I second most of blindlights examples. But I'd also caution you that having a nice place with cheap food isn't necessarily enough to get people to come to your place.

There are lots of options out there so you need to think why would people come to my club. You need to know the competition in your area and know how you can build an atmosphere that drives people to your establishment and from your competitors. It is probably going to take alot of upfront capital to develop an establishment that people want to go to.



Great point, I've seen awesome restaurants and bars with great service, food, and atmosphere close up in no time because the owners didn't understand why location and potential customer base were important.

Before Walmart builds a new store they always do a traffic study at the potential location to see if however many thousand cars drive by every day. They do this to find out if there's enough potential customers to support a store being built. Similarly, you would need to find out if your area has enough people that would support your establishment.

#10 sendme

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Posted 23 March 2012 - 02:18 PM

I know that isn't really any experience at all. It would be the closest that I have. I went yesterday to a bank to see what type of loan I would be able to get. The guy I talked to gave me some help and said that I would need 20% down. So as of right now unless I found a place that was cheaper to buy I would have to put 50 grand down. I don't make that a year so it doesn't look like it will happen for some time.

The place I was looking at is next to a highway and is on the main road in the town. We have no Irish pubs in this town so it would be different. All we have are bars that may or may not have food. So I would think it would work seeing how it is different than what the town currently has and would be located next to an interstate.
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#11 binici

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Posted 23 March 2012 - 06:42 PM

You need some skills in management, skills in the background work (that you will be doing) and capital. First thing first though, you need a startegic plan or a gameplan, which leads to choosing location, coming up with ideas and raising some awareness.

It is not easy, but if you can do all of those then you will be successful!

#12 Pookymeister

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Posted 23 March 2012 - 06:46 PM

The Irish pub near me that was the only game in town and near an interstate (several) just went out of business.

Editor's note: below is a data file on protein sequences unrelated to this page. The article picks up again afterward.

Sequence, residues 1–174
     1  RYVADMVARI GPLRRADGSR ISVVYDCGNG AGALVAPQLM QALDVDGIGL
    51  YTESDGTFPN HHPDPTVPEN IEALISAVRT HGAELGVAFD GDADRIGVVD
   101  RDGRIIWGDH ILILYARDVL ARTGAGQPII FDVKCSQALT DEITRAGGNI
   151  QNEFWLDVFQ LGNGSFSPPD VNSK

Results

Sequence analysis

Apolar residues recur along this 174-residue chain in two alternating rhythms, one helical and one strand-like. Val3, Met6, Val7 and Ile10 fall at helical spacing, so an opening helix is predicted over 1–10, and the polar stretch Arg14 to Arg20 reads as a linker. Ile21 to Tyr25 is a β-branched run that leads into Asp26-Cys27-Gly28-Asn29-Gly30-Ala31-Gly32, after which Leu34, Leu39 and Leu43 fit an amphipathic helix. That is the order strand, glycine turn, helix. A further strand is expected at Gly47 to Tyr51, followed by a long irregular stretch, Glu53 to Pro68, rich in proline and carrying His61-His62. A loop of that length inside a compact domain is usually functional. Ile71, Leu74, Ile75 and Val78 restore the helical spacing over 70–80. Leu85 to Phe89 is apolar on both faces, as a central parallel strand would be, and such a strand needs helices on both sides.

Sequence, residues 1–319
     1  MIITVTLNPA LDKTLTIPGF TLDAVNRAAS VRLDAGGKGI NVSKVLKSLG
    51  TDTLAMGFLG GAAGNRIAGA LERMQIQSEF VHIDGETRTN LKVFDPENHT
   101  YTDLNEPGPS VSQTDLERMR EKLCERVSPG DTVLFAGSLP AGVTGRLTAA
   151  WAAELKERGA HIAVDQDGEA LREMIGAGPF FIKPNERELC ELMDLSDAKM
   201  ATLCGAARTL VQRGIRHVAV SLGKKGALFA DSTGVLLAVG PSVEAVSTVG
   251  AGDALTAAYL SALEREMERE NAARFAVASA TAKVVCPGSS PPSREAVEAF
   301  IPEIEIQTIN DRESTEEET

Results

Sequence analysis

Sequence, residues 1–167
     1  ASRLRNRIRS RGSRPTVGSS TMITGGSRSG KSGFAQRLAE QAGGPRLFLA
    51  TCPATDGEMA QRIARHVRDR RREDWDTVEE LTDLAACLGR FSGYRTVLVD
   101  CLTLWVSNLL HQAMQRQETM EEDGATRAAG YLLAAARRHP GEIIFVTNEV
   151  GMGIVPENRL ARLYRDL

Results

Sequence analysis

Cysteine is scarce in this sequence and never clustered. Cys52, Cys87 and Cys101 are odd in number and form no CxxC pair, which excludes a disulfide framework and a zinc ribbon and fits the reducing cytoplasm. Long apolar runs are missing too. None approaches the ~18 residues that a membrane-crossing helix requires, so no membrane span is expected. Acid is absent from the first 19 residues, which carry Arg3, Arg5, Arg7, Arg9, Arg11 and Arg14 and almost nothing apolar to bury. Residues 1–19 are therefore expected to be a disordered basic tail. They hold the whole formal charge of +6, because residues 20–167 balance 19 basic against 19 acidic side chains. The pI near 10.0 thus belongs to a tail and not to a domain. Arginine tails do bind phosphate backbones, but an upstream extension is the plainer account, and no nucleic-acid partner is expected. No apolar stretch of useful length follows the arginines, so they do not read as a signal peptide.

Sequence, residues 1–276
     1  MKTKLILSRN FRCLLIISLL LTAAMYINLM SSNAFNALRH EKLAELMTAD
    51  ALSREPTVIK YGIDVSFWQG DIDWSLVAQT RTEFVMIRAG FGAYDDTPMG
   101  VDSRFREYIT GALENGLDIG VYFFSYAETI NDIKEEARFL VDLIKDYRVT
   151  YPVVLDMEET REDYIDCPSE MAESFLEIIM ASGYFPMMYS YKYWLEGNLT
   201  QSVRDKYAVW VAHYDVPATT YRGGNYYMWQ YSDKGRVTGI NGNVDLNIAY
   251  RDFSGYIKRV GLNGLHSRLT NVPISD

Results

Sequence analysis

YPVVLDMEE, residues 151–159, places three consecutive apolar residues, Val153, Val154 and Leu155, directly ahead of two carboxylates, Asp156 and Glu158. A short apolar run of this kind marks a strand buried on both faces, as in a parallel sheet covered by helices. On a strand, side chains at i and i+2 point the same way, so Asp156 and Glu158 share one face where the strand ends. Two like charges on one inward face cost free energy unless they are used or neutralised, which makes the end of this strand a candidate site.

#13 road3283

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Posted 24 March 2012 - 03:49 AM

I'm wondering if any one on here has started their own business. I'm thinking of opening my own pub and was wondering if anyone has any tips on starting my own business.


Hey, OP have you ever seen the Spike tv show Bar Rescue? It might give you some insight into the bar business and what it involves and takes to succeed. They've got the episodes online for free:
http://www.spike.com/shows/bar-rescue

They also have an educational, small business resource they linked up with:
http://www.score.org...erve-up-success

#14 H4Y4TO

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Posted 24 March 2012 - 04:09 AM

There is a great deal of various items that is required for a small business... You should start with http://www.sba.gov/

I recommend taking a few college courses in business, they will really help. These courses will give you the resources you would need to open a business.
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#15 lokizz

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Posted 24 March 2012 - 04:21 AM

where do you plan to start your business? location is very important depending on the type of business you have. definelty want to look into security bars attract and create assholes. liquor license and whats the theme of your pub going to be? im assuimg since youre calling it a pub it may be irish themed.

#16 camoor

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Posted 24 March 2012 - 04:37 AM

I know that isn't really any experience at all. It would be the closest that I have. I went yesterday to a bank to see what type of loan I would be able to get. The guy I talked to gave me some help and said that I would need 20% down. So as of right now unless I found a place that was cheaper to buy I would have to put 50 grand down. I don't make that a year so it doesn't look like it will happen for some time.

The place I was looking at is next to a highway and is on the main road in the town. We have no Irish pubs in this town so it would be different. All we have are bars that may or may not have food. So I would think it would work seeing how it is different than what the town currently has and would be located next to an interstate.


Don't forget the cost of applying for a liquor license. Plus the fact that, depending on your local government, you may need to grease a few palms.

Hey, OP have you ever seen the Spike tv show Bar Rescue? It might give you some insight into the bar business and what it involves and takes to succeed. They've got the episodes online for free:
http://www.spike.com/shows/bar-rescue


Nothing against you but that show is completely full of shit.

http://www.washingto...NpCS_story.html